Stop managing a group and start leading a team
Main idea: Most teams in a work setting are a cluster of individuals forced to work together through corporate hierarchy. This is a significant problem for engagement, productivity, and the mission of the business. More attention and resources must be given to develop and maintain real teams if we’re to see their full potential.
This is the first part of a 6-blog series on teams.
If you think you’re part of a team, you’re probably kidding yourself.
More likely you’re part of a loose confederation of individuals. The group probably has some vague sense of a common goal. There are a few people who actually depend on each other to accomplish their work. And maybe, just maybe, there are a couple folks in the group who actually know and trust each other.
After reflecting on 20+ years of working directly with teams and 5 years researching the attributes of teams I discovered that a real team is actually very difficult to attain and sustain over a long period of time. I’m certainly guilty of using the term team loosely and applying it to any group of warm bodies sitting in a room together.
It feels great to say we’re a team and who wants to be the jerk who says, you’re not part of a team. Well, cut me some slack to be that jerk today. Just know that my passion comes from a sincere place. I love the magic that unfolds when an actual team sets in motion.
I propose committing more time and resources to how teams are structured, supported, and developed.
Investing in teams may be more important than any other productivity initiative you have underway. The increasing complexity and distributed nature of work will only continue to make organizations more dependent on the quality of people working together. If we ignore this we are putting at risk productivity, innovation, engagement, and customer satisfaction.
The act of organizing people together into a formal structure with a manager at the helm is how work is effectively managed and controlled. This is a good thing. The structure is intended to provide an efficient way for communication to occur, standards implemented, and improvements implemented. However, there is more to the structure of teams than just business processes.
Unfortunately, the process of building teams in most organizations often looks more like coaching kids on a soccer field than a well thought out and planned management tool. The problem lies in understanding what is needed to make teams successful and how to ensure teams succeed. Most training programs focus on individual leadership skills or a single attribute of teams such as trust. All of these efforts add short-term value. But, teams are more complex and all the training and coaching rarely passes through to the real world. We have to get tougher on teams if we’re to get better.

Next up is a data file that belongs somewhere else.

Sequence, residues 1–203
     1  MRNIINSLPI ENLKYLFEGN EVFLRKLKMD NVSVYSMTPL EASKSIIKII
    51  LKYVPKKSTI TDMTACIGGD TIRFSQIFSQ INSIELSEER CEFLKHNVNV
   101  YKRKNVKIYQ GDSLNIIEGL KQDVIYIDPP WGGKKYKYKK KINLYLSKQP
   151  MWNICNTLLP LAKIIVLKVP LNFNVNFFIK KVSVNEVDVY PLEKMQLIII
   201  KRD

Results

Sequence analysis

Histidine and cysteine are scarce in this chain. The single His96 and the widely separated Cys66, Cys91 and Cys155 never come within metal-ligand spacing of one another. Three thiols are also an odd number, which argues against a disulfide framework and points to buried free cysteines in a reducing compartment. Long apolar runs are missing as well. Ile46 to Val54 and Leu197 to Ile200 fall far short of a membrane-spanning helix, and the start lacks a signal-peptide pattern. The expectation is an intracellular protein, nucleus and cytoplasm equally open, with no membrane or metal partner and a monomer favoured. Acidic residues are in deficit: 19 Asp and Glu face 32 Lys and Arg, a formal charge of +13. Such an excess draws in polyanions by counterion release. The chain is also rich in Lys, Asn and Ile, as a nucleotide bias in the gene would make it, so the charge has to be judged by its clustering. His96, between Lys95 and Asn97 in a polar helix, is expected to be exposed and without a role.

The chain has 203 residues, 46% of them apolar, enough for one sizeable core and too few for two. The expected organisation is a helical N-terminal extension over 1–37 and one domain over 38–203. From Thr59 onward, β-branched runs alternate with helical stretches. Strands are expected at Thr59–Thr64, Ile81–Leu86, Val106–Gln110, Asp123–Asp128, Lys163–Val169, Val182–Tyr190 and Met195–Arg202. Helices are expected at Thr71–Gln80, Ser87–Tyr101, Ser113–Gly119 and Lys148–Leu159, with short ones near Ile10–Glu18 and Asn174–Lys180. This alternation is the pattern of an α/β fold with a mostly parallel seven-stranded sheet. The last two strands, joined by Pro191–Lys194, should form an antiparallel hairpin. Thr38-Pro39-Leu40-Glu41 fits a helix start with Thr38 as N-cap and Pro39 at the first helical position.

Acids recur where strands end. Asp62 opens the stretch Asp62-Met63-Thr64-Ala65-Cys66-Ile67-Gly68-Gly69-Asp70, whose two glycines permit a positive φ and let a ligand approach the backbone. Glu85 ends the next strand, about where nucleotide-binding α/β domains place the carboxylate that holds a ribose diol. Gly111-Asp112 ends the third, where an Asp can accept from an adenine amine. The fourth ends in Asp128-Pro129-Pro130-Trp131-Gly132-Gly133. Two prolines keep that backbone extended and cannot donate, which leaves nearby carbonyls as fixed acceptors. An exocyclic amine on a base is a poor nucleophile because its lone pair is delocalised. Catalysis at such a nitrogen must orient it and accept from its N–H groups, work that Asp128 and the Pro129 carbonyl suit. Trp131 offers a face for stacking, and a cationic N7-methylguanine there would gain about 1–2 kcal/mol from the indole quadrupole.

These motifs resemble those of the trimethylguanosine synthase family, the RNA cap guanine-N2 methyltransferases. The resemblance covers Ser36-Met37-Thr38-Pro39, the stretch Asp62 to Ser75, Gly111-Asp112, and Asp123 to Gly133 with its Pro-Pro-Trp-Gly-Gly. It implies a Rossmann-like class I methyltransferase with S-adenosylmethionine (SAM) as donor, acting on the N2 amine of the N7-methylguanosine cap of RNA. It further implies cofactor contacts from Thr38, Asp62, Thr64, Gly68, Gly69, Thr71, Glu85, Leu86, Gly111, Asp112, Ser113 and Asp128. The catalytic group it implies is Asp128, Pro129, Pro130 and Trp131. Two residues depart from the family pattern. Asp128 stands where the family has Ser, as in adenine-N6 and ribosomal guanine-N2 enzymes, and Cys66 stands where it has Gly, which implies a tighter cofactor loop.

A bold organization would save the unique designation of a team as a special honor that is earned and rewarded.
Leaders aggressively working to build a real team, maintain it, and protect the parameters that make it a team should be recognized. Every other cluster of individuals should be acknowledged as simply a group. This is not a bad thing, organizations need effective groups too.
“We’re a group, striving to be a team,” should be the attitude and mantra of every manager responsible for leading a group of individuals.
A challenge is that we’re immune to the value a real team can bring because a high performing team is so rare. Why would we put so much effort into chasing ghosts, if we’re not sure they exist! We hear about anecdotes of great teams, read stories of great teams in popular leadership books. We catch glimpses of them from time to time, but they are challenging to maintain.
Most so-called teams are good enough, and like the parable of the frog in boiling water, we just don’t realize things could be a lot better because we’re immersed in it day in and day out. Consider the volume of conversations you’ve had with your inner-circle of colleagues, mentors, friends, and spouse about work.
What amount of time and energy was drained due to team-related issues?